What is the criteria for a police officer to use lethal force against a dog? I don’t know the answer to this question but having a guess, I’d say something like “Threat of grave bodily harm or death”. IOW, an officer trying to subdue a dog would first try some sort of reasonable approach, such as calling animal control, or if circumstances dictate he secure the dog himself, he might try a leash. If peaceful methods failed, I’m guessing some sort of improvised “out of the box” thinking might be employed. Depending on the size of the dog, the officer could possibly don some thick gloves or maybe drop a box over the dog for example. If things escalated to the point of “threat of grave bodily harm or death”, I’d guess the officer might use a weapon such as a nightstick, taser or gun – whatever it took to prevent the dog from causing that grave bodily harm the officer believed was imminent.
All this is a long way of saying, I don’t get wtf happened here:
A Blue Ash family is outraged after returning home to find their dog had been shot and killed by a police officer.
The dog was a Chihuahua-mix named “Jack” that Scott and Sharon Bullock had given to their 12-year-old son for his birthday a few years ago.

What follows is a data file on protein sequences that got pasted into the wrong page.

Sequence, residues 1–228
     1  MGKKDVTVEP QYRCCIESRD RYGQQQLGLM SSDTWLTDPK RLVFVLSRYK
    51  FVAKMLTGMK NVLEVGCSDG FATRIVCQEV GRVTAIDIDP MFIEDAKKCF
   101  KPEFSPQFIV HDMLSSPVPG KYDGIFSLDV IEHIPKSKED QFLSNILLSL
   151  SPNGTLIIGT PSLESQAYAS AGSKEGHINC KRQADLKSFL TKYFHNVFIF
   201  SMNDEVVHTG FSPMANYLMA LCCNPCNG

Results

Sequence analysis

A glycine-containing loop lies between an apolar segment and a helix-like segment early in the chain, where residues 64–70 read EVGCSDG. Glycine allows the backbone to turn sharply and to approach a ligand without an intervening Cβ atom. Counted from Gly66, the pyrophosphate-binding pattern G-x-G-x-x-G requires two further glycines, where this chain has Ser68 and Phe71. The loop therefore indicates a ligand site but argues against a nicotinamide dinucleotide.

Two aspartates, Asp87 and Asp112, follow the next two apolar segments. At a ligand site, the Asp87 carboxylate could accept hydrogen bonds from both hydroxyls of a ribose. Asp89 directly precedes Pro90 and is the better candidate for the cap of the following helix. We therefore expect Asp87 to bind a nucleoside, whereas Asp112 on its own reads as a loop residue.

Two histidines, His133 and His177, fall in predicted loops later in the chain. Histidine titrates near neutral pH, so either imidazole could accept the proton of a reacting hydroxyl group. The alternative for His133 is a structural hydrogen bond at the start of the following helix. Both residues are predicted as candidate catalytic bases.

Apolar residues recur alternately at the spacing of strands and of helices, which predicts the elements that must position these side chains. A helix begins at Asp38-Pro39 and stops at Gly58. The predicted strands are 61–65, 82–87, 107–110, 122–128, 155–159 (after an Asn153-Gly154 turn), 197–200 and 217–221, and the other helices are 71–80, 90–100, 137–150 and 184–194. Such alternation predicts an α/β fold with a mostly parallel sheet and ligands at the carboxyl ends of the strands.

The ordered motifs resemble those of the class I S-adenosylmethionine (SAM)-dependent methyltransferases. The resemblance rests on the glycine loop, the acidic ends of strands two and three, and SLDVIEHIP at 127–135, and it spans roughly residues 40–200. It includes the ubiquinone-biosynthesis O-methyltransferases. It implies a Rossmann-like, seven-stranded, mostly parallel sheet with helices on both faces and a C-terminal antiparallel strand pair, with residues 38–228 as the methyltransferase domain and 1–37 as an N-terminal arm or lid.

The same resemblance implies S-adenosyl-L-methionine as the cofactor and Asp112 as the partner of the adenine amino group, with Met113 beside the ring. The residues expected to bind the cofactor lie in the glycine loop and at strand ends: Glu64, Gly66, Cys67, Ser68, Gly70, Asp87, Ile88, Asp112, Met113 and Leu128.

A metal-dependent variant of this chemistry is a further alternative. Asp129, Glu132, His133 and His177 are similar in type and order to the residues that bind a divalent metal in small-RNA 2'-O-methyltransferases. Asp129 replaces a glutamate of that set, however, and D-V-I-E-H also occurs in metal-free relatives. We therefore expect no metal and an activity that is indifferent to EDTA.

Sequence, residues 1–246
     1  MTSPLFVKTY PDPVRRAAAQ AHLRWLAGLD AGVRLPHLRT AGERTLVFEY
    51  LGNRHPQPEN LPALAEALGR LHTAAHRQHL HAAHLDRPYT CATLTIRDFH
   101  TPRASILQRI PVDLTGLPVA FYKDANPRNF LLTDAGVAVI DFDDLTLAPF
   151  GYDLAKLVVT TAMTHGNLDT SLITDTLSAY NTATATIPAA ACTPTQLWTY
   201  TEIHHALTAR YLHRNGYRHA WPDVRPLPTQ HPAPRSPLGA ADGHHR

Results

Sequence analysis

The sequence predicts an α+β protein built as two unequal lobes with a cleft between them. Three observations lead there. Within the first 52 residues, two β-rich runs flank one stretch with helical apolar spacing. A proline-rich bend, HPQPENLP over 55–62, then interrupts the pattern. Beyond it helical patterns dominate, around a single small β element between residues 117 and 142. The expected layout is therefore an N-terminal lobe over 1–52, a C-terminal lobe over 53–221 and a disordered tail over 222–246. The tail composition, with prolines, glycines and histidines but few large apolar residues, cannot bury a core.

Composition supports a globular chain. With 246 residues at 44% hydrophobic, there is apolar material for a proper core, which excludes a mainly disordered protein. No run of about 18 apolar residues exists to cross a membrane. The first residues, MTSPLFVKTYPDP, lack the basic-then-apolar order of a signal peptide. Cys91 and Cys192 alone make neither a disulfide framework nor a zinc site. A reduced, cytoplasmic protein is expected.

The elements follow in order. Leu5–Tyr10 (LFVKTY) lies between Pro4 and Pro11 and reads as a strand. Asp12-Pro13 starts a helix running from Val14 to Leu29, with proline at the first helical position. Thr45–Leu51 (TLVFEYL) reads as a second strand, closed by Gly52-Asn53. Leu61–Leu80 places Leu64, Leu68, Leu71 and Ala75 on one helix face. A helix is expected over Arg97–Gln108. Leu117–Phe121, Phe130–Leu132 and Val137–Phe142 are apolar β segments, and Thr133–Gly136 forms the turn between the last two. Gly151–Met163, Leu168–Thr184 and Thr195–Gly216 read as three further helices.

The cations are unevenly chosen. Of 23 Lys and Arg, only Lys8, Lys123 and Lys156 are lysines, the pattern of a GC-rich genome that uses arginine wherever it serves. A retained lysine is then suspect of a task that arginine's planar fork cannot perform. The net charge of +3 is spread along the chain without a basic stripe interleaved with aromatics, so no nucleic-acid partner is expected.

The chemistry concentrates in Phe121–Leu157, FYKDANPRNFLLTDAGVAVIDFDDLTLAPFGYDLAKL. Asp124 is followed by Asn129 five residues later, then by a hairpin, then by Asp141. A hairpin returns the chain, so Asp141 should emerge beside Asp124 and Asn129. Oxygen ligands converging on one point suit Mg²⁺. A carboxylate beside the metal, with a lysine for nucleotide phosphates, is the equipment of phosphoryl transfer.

When the Bullocks returned home from a family member’s funeral on Friday, they found blood and three bullets on their front porch – along with a note to call the Blue Ash Police Department about their dog.
The Bullocks were shocked to learn that Jack had gotten out of the backyard and two officers who tried to catch him, ended up shooting and killing him right on the family’s front porch.
“He was cornered on the porch and scared,” said Sharon Bullock. “The officer bent down bare-handed to pick up Jack, and Jack bit him.”
The way the article reads, it sounds as if the gun was the first option once the officer deemed the dog was potentially deadly. I can’t help but think that any number of alternate, non-lethal methods would have successfully subdued this dog. But here’s my question, was the dog still a potentially deadly threat after the first bullet? And after the second? Cos that is truly hard for me to imagine.
I would suggest this officer take some lessons from his local shelter volunteers and staff who likely handle biting Chihuahua mixes regularly. I own one myself – a shelter dog – and I can’t imagine the profound loss and outrage I’d feel if a public servant put three bullets in her because she bit a stranger trying to pick her up on her own porch.